Japan Hoarded Tuna To Keep Sushi Price Down?

Astonishing - the Japanese government admits to having hoarded some 25,000 tonnes of tuna, thus "there is no reason to fear tuna prices will spike or that the inventories of tuna will run out," the minister of agriculture, forestry and fisheries said at a news conference, according to Kyodo News.

Hirotaka Akamatsu inherited this problem - and the inventory - from the LDP government, but that doesn't make his comment less silly.

Japan has about 25,000 tons of bluefin and southern bluefin tuna in inventory — most in the past decade. Because there is ample inventory, the agency predicts tuna prices are unlikely to rise anytime soon.

Commenting on the decision Sunday by the International Commission for the Conservation of Atlantic Tunas to slash the annual bluefin catch limit by some 40 percent in 2010, Akamatsu said, "It's good that we can continue fishing for tuna."

Of course the government knew that quotas would be reduced. Negotiations have been going on for years at the ICCAT. Monaco even proposed a complete ban on trade in maguro, the Atlantic blue fin tuna, to save the dwindling stocks. There would still be Pacific tuna coming to Japan, according to The Asahi, so fret not, the government has a plan. Or at least they say they do. Or at least until March, 2010, when the ban will be discussed again at the conference of the parties to the Convention on International Trade in Endangered Species of Wild Fauna and Flora (CITES).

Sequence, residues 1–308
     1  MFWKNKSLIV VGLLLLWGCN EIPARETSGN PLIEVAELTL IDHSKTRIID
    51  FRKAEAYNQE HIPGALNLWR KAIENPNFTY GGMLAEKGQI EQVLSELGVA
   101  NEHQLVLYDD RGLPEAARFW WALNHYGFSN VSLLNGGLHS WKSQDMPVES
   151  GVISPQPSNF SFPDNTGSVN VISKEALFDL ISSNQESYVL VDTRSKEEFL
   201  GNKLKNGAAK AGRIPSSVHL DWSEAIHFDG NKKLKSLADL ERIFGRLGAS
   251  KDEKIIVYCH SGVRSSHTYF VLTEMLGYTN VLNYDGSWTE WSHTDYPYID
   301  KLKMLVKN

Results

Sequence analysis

...a one-year moratorium on bluefin tuna fishing was discussed as an alternative to the proposed trade ban. The moratorium would be an attempt to restore trust in the ICCAT while also allowing fishing to continue.

However, nations with large fish farms opposed the one-year moratorium.

In a compromise, the catch for 2010 was limited to 13,500 tons. The number could be lowered further after the ICCAT's Standing Committee on Research and Statistics conducts a study on the availability of the fish in 2010.

The deal also includes an emergency provision that would impose a fishing ban should an unexpected situation arise, such as finding a smaller number of young fish. The Standing Committee on Research and Statistics recommended in November 2008 that 15,000 tons was an appropriate annual catch for Atlantic bluefin tuna.

Due to resistance from large tuna farming nations such as Spain and France, the ICCAT earlier set annual catch limits of 22,000 tons for 2009, 19,950 tons for 2010 and 18,500 tons for 2011. That move was criticized by environmental conservation groups.


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